Eight 90-minute discussion groups were conducted with ‘mainstream’ consumers, all of whom were taking supplements on a regular basis. Sixteen depth interviews and one mini group were conducted with more vulnerable and niche consumers of food supplements. These were a mix of face-to-face and telephone discussions with consumers from London, Swansea, Derry/Londonderry and Manchester.
Mainstream supplement consumption
Consumers differentiate between food supplements for day-to-day health, and those for specific purposes (e.g. sports nutrition, weight loss) in terms of how they use them and how efficient they perceive them to be.
Drivers for food supplement consumption are both rational and emotional:
- most people say that they take day-to-day supplements (e.g. mainstream vitamins and oils) to maintain or improve their overall health and give them a ‘boost’, or to replace lost nutrients due to diet, age or a health condition
- by taking supplements, consumers feel that they are taking control over their health and bodies by doing something proactive e.g. to combat the decline due to age.
Many consumers acknowledge that they take supplements as a force of habit and that they do not know if they are actually making any difference – but that because such products were viewed as being fairly benign, it was better to be safe than sorry.
While there is some cynicism about their efficacy, consumers do not generally perceive there to be any risks associated with food supplements, except for some niche products. They tend not to think about how different food supplements interact with one another or with prescribed medication. They are largely seen as harmless.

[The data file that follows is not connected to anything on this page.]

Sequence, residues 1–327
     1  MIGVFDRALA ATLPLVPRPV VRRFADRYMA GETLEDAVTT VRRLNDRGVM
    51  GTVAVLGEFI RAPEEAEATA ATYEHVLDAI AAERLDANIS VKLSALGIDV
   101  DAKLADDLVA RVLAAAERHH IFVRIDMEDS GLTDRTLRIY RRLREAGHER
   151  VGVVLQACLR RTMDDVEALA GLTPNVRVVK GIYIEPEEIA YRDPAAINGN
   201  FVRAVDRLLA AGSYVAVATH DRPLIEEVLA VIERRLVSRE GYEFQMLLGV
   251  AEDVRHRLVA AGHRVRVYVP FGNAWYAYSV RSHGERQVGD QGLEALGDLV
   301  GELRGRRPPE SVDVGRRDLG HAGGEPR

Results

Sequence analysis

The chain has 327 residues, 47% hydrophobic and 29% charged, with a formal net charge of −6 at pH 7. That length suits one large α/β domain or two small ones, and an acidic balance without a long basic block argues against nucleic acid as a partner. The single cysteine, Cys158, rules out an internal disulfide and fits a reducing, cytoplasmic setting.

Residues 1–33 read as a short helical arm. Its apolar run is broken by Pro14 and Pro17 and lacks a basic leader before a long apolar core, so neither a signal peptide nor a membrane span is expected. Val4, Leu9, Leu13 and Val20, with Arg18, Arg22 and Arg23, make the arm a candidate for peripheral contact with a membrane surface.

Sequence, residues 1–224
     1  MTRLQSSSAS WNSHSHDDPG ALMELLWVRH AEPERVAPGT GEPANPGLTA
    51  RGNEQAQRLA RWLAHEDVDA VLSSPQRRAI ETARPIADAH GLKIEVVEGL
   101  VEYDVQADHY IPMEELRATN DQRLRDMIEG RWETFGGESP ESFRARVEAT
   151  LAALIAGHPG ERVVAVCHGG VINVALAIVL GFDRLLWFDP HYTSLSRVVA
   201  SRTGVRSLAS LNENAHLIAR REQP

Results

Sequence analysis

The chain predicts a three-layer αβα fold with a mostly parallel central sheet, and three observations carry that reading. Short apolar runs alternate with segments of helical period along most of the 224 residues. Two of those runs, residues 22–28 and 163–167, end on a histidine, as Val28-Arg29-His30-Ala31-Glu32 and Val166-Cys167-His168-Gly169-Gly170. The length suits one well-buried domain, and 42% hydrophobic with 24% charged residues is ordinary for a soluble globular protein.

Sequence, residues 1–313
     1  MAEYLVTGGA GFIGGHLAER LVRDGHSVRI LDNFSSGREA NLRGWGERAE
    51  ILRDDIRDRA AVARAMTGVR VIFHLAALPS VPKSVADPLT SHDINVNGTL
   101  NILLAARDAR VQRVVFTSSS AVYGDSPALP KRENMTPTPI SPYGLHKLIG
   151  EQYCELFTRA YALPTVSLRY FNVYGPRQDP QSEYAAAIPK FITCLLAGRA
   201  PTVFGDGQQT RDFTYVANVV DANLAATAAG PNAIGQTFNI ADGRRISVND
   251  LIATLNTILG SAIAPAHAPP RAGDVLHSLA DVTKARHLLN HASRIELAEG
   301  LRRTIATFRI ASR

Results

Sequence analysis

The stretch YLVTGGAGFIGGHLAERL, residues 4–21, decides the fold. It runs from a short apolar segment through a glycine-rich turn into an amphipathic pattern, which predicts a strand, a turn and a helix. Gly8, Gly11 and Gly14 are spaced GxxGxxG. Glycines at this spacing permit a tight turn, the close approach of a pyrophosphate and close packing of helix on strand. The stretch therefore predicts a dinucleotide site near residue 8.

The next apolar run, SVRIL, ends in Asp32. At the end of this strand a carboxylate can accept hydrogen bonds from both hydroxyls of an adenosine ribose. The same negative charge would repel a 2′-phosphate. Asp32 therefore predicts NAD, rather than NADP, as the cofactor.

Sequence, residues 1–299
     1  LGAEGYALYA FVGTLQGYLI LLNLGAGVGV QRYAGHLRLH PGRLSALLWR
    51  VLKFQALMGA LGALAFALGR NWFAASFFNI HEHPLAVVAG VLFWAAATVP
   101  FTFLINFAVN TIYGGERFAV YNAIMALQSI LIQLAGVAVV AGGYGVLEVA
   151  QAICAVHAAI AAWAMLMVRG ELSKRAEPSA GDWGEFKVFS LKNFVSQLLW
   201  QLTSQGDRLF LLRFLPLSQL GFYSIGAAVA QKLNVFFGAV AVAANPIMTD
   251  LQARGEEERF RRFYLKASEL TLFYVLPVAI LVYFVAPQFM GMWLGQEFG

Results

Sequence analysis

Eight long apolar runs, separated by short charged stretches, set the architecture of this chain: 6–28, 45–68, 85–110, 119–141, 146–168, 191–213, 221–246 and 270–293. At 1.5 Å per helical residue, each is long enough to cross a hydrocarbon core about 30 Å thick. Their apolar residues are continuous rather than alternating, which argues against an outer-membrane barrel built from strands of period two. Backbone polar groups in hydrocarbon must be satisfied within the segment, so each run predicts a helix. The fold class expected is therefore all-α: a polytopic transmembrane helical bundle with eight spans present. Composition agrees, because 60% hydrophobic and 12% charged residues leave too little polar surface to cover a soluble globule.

Most consumers are buying food supplements from mainstream retailers, and would avoid buying from unknown online retailers due to fears about provenance and adulteration.
Recommendations (from healthcare or fitness professionals and / or friends and family) and reviews are the key drivers when it comes to decision making around food supplement products and brands.
Younger consumers in particular point to social media as having an influence on their choices. Older people are more likely to get information from traditional media.
Consumers assume that the market is regulated, and have few concerns about the safety of food supplements as long as they continue to buy from reputable retailers and take supplements responsibly.
Niche supplement consumption
As the determination to achieve results (e.g. lose weight, relieve pain) increases, consumers’ willingness to experiment can also go up, and for some, the benefits outweigh the risks. However, most feel that these are ‘managed’ risks – that they know what they are doing and are making informed decisions.
Communities focused on specific issues discuss supplements and share recommendations to a greater degree than most mainstream consumers.
As more niche products are likely to be less widely available, many are pushed to purchase online. It can then be easy to move to the more extreme end of the market.
Published: 10 September 2018
Last updated: 17 January 2022